I know not everything is about me, but nevertheless, the recent findings of a study of 7000 children have made me a little uncomfortable.
You see, a landmark Queensland State Government report has this week found kids feel neglected when their parents are distracted by their mobile phones and devices, and want more attention from them.
Without diminishing the importance of those children’s voices, can I please speak on behalf of every parent when I respond:
Oh for f*ck’s sake.
I care very much how those kids feel, it is vitally important. But I’m not sure how this research is exactly helpful in placing the blame entirely in the laps of mums and dads. Because I don’t think the issue is parents are irresponsibly having a phone free-for-all in front of their kids.
“They want adults to pay attention, have respectful conversations, and listen to what they have to say about the things important to them – they’re asking adults to put their phones down and to interact with them more,” Queensland Family and Child Commission Principal Commissioner Cheryl Vardon says in the report.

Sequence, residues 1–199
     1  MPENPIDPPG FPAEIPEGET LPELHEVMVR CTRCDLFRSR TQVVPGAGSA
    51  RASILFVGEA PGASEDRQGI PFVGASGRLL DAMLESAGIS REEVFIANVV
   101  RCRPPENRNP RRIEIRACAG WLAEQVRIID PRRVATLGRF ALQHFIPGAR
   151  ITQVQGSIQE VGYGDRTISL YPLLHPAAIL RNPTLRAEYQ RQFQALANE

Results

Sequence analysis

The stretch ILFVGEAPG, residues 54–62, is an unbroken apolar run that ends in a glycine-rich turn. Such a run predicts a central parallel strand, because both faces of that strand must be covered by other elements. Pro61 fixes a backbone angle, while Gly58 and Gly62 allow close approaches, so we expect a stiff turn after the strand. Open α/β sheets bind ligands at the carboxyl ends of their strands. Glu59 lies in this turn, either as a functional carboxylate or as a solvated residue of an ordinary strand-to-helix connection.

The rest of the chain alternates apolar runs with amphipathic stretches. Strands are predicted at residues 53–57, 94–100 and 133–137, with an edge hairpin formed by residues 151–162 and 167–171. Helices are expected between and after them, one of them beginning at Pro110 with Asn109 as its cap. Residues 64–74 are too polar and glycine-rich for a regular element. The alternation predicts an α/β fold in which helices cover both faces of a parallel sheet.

And that is absolutely fair enough. I get that – I don’t think there’s a responsible (so, most of us) parent out there who doesn’t think about that. So please don’t get me wrong – I’m not denying the significance of this study. Obviously, parents with their faces in their phones is a real issue with the message it’s sending.
But I’m suggesting the solution isn’t to shame parents. Because, at the moment, it’s definitely a case of we’re damned if we do, and damned if we don’t.
I was once mobile phone shamed. I was in a restaurant with my six-year-old son, and I looked up from my phone to find a waitress at our table, not there to take an order or deliver our meals, but to tell me off.
“You know, your son is sitting right there,” she told me.
I stared at her impassively and replied: “I’m making a change to my father’s death notice that’s in the paper tomorrow.”